Wednesday, October 3, 2012

Bone alterations in hepatitis C virus infected patients.

Eur J Intern Med. 2012 Sep 29. pii: S0953-6205(12)00245-2. doi: 10.1016/j.ejim.2012.09.007. [Epub ahead of print]

Bone alterations in hepatitis C virus infected patients.

Pelazas-González R, González-Reimers E, Alemán-Valls MR, Santolaria-Fernández F, López-Prieto J, González-Díaz A, Gómez-Sirvent JL, de la Vega-Prieto MJ.

Servicio de Medicina Interna, Hospital Universitario, Universidad de La Laguna, Tenerife, Canary Islands, Spain.

Most studies have shown that patients with chronic hepatitis C virus (HCV) infection are affected by osteoporosis. However, liver function impairment and deranged nutrition may both play a role in the bone alterations observed. In some works no osteoporosis was found, and some cases of osteosclerosis have been reported. The aim of the study is to assess bone alterations in treatment-naïve, well-nourished HCV patients, in order to discern whether or not HCV infection causes osteoporosis.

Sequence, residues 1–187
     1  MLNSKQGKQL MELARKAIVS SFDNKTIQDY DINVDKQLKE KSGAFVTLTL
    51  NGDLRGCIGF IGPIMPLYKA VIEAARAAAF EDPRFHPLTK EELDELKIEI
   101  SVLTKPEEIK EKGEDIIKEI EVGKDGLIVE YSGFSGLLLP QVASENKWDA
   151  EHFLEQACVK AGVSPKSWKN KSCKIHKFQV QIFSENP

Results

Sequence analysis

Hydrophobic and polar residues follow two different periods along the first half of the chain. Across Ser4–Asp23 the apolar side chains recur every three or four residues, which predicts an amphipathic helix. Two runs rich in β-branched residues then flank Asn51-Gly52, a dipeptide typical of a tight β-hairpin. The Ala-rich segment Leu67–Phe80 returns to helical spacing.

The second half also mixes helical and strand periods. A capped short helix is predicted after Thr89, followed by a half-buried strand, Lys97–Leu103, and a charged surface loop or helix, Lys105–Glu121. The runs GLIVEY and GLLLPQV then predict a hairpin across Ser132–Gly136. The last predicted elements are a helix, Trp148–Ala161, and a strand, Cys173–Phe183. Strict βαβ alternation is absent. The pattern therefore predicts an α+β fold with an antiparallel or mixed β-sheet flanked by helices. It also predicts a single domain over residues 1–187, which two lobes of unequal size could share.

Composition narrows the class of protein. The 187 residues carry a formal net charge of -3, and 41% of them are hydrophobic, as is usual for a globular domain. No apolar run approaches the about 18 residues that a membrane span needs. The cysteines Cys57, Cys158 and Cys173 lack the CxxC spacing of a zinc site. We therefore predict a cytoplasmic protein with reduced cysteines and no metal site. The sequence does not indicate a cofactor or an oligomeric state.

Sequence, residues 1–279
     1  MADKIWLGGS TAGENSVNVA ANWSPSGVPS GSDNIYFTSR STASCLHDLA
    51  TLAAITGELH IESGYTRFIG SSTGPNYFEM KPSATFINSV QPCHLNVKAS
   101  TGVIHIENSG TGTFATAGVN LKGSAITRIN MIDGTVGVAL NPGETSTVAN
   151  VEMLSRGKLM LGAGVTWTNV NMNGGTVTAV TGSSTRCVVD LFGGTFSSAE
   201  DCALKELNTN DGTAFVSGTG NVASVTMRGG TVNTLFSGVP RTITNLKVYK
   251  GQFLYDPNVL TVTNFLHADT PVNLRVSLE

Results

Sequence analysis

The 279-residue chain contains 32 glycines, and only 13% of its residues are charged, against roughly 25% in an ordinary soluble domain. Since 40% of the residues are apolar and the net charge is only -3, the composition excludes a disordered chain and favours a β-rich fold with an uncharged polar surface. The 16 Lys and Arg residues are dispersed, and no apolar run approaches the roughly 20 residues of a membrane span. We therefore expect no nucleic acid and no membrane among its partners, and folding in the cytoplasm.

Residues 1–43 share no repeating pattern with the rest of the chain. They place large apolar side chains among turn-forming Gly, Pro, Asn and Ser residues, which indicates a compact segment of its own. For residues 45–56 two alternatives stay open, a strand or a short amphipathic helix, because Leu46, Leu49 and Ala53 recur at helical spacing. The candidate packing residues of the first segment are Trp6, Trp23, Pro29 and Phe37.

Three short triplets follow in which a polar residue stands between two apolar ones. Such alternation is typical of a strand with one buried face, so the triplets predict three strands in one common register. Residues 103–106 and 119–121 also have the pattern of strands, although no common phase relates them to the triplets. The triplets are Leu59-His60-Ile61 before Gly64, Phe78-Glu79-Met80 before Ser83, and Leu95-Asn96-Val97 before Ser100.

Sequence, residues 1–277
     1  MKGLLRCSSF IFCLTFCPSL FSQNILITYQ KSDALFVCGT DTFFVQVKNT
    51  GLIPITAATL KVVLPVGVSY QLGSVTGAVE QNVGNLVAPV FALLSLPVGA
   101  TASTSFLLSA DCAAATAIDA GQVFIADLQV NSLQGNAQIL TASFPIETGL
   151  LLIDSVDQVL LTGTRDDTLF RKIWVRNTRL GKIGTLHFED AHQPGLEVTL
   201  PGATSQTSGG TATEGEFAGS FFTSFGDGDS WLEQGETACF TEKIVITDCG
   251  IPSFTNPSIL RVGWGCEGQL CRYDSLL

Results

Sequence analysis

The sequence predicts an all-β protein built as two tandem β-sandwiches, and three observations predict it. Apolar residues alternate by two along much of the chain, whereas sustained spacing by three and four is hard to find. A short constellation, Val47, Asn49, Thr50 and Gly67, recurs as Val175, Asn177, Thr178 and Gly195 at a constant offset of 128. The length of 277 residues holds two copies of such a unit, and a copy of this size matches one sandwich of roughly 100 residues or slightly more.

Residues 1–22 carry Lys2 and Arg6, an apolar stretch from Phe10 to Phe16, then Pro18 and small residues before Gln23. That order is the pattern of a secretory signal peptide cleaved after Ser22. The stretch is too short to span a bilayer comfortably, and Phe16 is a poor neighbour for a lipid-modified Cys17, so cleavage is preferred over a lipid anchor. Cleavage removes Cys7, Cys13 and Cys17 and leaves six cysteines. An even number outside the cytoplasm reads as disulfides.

Whole-body bone densitometry and assessment of T-score at lumbar spine and hip were performed to 40 patients and 40 age- and sex-matched controls, with a Lunar Prodigy Advance (General Electric, Piscataway, NJ, USA). All the patients underwent liver biopsy. Nutritional evaluation was performed by subjective nutritional assessment, body mass index (BMI), and densitometric assessment of total lean mass and total fat mass. Serum osteocalcin, osteoprotegerin, RANKL, PTH, crosslaps, vitamin D3, testosterone, IGF-1, and estradiol were determined.

Patients did not show differences in total bone mineral density (BMD) or T-score with controls. On the contrary, about a third of them showed positive T scores. Patients showed lower IGF-1, vitamin D3 and testosterone, but higher telopeptide levels, and a trend to higher osteoprotegerin levels. Multivariate analyses disclosed that age, sex, and total lean mass were the only parameters independently related with BMD.

Therefore, chronic HCV infection in well nourished patients with preserved liver function does not cause osteoporosis.

Copyright © 2012 European Federation of Internal Medicine. Published by Elsevier B.V. All rights reserved.

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